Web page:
Mehbooba not taken seriously by India, says AG Noorani

‘Mehbooba lacks the most elementary qualities of a leader’

Srinagar: The Indian government doesn’t take present Chief Minister of Jammu and Kashmir Mehbooba Mufti seriously, who lacks the elementary qualities of a leader, writes the Mumbai-based author and lawyer AG Noorani in an opinion piece that appeared in Dawn on Thursday.

Noorani says India knows that “she has no other option but to yield to its snubs and orders,” adding that the orders for the house arrests of pro-freedom leaders come from bureaucrats in New Delhi — as they did in her predecessor, Omar Abdullah’s, time.

J&K Chief Minister Mehbooba Mufti during a press conference in 2016. Photo: Abid Bhat

 

“The BJP-PDP coalition, headed by Chief Minister Mehbooba Mufti, is torn by rifts. She lacks the most elementary qualities of a leader. The BJP raises issues like the return of Pandits to the area; acceptance of Hindu refugees from Pakistan as ‘state subjects’, entitled to own property and to vote in elections; on police reforms; and even on the transfer of civil servants. This was a marriage in which each partner had kept its left hand on the door knob of the divorce court,” Noorani writes in the article.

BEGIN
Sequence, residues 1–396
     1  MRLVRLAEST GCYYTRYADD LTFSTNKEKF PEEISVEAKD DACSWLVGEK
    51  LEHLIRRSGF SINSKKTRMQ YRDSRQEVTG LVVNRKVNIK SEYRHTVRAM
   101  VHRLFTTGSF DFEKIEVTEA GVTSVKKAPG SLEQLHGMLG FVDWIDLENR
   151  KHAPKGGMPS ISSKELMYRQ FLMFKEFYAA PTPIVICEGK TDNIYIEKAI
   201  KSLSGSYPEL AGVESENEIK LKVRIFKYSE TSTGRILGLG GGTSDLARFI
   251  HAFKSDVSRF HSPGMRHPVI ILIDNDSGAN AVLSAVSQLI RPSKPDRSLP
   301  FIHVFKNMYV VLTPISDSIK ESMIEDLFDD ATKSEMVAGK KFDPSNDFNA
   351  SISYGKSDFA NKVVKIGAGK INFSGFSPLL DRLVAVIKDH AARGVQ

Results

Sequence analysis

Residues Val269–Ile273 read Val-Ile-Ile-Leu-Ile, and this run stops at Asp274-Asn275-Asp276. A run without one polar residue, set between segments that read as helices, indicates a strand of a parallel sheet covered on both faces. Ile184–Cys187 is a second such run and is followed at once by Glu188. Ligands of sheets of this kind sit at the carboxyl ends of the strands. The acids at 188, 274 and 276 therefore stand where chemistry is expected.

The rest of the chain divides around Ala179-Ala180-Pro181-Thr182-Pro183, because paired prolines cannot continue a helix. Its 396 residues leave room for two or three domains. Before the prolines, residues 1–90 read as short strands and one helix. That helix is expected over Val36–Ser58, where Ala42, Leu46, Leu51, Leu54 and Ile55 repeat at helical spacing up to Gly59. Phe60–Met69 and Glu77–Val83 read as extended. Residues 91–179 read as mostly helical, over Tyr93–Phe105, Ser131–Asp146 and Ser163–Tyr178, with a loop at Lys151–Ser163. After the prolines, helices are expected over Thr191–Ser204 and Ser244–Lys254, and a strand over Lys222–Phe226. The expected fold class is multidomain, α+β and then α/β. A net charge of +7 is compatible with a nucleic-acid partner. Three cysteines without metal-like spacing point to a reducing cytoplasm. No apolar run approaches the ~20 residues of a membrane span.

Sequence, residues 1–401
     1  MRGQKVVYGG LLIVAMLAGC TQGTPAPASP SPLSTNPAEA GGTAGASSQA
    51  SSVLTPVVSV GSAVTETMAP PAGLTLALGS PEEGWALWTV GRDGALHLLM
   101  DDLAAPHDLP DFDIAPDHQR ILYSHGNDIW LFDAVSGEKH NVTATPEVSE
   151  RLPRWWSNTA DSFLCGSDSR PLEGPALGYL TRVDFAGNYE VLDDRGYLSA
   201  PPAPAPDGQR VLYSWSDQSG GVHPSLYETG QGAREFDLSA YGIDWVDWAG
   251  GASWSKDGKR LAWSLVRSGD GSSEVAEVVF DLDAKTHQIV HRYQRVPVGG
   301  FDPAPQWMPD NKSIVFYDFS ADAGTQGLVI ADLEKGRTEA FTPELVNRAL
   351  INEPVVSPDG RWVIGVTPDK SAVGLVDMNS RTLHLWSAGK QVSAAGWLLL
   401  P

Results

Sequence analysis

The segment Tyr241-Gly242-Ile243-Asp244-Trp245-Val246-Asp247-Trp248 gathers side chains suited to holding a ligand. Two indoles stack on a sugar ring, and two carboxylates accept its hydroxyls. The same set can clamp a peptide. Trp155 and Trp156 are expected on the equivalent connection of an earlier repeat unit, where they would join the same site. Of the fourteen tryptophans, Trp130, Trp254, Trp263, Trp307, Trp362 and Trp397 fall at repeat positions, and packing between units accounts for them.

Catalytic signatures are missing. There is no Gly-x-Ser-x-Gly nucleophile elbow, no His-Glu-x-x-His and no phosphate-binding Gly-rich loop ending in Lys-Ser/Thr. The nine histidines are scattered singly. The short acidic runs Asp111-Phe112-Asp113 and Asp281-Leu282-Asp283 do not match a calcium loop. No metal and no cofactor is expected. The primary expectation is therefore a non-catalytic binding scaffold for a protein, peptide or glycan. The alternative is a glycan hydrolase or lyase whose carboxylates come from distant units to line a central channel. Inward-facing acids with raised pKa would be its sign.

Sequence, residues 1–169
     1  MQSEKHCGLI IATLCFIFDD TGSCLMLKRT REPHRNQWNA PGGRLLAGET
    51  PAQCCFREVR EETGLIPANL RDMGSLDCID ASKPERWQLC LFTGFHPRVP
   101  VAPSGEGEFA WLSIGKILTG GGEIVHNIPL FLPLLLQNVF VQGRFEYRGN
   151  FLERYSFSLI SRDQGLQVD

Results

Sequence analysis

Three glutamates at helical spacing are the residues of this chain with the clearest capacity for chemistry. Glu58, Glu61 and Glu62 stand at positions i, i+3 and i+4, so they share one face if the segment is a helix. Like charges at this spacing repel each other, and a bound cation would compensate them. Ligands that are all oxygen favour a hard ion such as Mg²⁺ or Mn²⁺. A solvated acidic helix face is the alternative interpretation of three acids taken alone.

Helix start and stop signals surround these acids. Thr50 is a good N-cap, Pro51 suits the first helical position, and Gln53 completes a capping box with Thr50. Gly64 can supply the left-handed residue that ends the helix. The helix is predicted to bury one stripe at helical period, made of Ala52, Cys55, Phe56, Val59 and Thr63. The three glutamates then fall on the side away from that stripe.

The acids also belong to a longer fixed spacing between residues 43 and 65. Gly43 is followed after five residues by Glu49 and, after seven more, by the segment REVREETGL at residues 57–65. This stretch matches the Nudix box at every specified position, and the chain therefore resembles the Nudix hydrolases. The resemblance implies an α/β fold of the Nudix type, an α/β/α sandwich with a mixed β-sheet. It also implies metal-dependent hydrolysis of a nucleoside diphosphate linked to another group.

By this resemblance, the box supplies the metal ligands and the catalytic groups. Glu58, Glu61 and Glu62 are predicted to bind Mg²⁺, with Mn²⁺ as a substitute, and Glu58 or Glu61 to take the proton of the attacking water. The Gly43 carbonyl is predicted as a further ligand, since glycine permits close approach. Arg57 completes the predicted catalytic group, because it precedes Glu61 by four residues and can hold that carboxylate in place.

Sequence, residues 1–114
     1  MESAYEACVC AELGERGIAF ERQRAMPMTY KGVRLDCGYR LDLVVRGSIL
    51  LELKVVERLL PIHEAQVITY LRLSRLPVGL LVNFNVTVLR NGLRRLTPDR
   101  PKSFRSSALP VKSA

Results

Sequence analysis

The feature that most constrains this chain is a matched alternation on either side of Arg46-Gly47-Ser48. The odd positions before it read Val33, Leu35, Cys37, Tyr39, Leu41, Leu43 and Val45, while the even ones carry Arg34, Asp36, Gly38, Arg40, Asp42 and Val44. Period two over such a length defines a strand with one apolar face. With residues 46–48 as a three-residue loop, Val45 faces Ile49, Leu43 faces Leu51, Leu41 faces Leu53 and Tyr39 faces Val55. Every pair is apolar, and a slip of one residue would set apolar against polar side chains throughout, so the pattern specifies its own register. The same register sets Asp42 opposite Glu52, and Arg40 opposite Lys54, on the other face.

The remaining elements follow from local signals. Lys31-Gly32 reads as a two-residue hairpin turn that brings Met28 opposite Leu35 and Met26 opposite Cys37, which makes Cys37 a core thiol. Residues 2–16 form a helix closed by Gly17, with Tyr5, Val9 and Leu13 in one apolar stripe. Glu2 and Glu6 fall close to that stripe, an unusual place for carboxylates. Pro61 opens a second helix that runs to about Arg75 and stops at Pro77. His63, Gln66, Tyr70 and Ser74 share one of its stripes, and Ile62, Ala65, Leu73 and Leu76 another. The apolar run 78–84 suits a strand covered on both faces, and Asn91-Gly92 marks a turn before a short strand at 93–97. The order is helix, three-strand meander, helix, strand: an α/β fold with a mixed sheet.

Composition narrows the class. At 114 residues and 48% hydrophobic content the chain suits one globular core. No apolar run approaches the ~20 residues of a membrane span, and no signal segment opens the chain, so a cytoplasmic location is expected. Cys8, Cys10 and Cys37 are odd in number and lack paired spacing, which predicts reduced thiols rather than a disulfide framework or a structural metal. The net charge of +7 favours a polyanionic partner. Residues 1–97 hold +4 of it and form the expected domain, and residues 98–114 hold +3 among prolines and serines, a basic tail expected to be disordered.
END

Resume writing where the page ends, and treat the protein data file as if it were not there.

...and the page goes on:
In this terrible situation, the response of Kashmiri ‘leaders’ is an essay in irresponsibility, Noorani writes.

“Omar Abdullah seeks to acquire credibility by belatedly uttering some truths others had already accepted — for instance, that the present unrest is not inspired or sponsored by Pakistan and the Kashmir issue itself has local roots,” Noorani says.

Noorani, however, blames the resistance leadership of the Valley for their hartal politics.

“The biggest disappointment is the joint resistance leadership comprised of Syed Ali Shah Geelani, Mirwaiz Umar Farooq and Yasin Malik. It is no secret that it is Geelani, the short-sighted ambitious hardliner, who does the running. The hartals and shutdowns inflicted heavy losses on traders and grave stress on the populace,” Noorani writes, adding that “a long-term sustainable strategy is sorely needed” at this time.

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